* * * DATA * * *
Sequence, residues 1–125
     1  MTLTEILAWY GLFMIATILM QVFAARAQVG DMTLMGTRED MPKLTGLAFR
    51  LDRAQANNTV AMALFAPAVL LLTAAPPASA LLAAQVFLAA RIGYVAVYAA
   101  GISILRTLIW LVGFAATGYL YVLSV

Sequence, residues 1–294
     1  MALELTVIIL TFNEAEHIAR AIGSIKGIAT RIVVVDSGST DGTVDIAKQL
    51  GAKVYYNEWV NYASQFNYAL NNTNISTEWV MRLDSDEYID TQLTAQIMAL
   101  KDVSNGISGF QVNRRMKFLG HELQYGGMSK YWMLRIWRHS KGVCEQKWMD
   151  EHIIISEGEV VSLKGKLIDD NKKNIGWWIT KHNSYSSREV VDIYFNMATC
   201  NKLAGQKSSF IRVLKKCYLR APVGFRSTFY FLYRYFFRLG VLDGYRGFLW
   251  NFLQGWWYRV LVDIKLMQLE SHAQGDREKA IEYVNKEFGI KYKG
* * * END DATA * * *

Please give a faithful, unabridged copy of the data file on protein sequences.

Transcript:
Sequence, residues 1–125
     1  MTLTEILAWY GLFMIATILM QVFAARAQVG DMTLMGTRED MPKLTGLAFR
    51  LDRAQANNTV AMALFAPAVL LLTAAPPASA LLAAQVFLAA RIGYVAVYAA
   101  GISILRTLIW LVGFAATGYL YVLSV

Sequence, residues 1–294
     1  MALELTVIIL TFNEAEHIAR AIGSIKGIAT RIVVVDSGST DGTVDIAKQL
    51  GAKVYYNEWV NYASQFNYAL NNTNISTEWV MRLDSDEYID TQLTAQIMAL
   101  KDVSNGISGF QVNRRMKFLG HELQYGGMSK YWMLRIWRHS KGVCEQKWMD
   151  EHIIISEGEV VSLKGKLIDD NKKNIGWWIT KHNSYSSREV VDIYFNMATC
   201  NKLAGQKSSF IRVLKKCYLR APVGFRSTFY FLYRYFFRLG VLDGYRGFLW
   251  NFLQGWWYRV LVDIKLMQLE SHAQGDREKA IEYVNKEFGI KYKG